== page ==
Often, data regulations are considered rules intended to restrict information from getting out. But, as the U.K.'s Information Commissioner's Office recently demonstrated, such regulations can also be used to bring information into the open.
The ICO recently announced that under the Data Protection Act, students in the U.K. are afforded the right to receive detailed information and feedback about their academic exam results.
The move is notable because teachers and professors in the country often withhold information from students after a test is completed. Reasons for such practices may vary, but, as the ICO pointed out, they restrict students from being able to see what they did wrong and correct themselves accordingly.
Under the act, educational institutions are required to respond within five months of the student's request or 40 days of publishing exam results – whichever comes first. Teachers aren't obligated to let students retake tests, but having the information on hand should provide them with information they need to improve.
"We’ve all experienced the excitement and occasional disappointment that the exam season can bring," said data protection commissioner David Smith.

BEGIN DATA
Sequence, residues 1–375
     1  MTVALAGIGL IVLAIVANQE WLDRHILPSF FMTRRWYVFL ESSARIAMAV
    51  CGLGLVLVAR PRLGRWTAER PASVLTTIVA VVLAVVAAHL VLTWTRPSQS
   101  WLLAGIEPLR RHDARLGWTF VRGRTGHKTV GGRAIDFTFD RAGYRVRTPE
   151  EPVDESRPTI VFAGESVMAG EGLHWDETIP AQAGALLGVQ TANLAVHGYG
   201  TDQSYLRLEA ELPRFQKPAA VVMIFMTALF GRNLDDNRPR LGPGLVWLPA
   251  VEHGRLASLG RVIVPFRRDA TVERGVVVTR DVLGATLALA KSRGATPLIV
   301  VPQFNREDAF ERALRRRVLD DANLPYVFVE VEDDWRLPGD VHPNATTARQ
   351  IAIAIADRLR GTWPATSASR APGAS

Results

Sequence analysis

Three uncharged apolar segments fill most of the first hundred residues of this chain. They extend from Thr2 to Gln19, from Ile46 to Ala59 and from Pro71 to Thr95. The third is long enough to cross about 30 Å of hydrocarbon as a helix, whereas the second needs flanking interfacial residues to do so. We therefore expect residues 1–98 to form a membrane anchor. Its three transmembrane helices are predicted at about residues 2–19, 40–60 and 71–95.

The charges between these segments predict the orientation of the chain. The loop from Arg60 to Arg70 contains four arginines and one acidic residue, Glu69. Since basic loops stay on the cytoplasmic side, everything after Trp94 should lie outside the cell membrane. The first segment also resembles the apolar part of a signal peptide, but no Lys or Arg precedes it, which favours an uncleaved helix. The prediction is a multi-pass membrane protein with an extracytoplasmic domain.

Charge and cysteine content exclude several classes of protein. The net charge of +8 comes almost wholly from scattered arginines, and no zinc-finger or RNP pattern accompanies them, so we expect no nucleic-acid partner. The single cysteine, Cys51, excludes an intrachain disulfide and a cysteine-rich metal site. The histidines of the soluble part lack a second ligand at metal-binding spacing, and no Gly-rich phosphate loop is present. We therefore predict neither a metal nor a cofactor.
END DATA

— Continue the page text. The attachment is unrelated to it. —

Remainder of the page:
"Having access to information – such as a breakdown of their overall mark and examiners’ comments – may not lead to their grades being altered but it could help them make decisions that impact on their future, such as deciding to re-sit an exam or pursue a particular subject at college or university," he added.
While this greater transparency may be a benefit to students, educational institutions will need to be mindful of the data privacy implications that may follow. This year has already seen data breaches at several universities, including the University of York in the U.K. For schools to maintain compliance with the Data Protection Act, they must ensure they are sharing the information in a safe and responsible manner that doesn't put sensitive student data in danger of being exposed.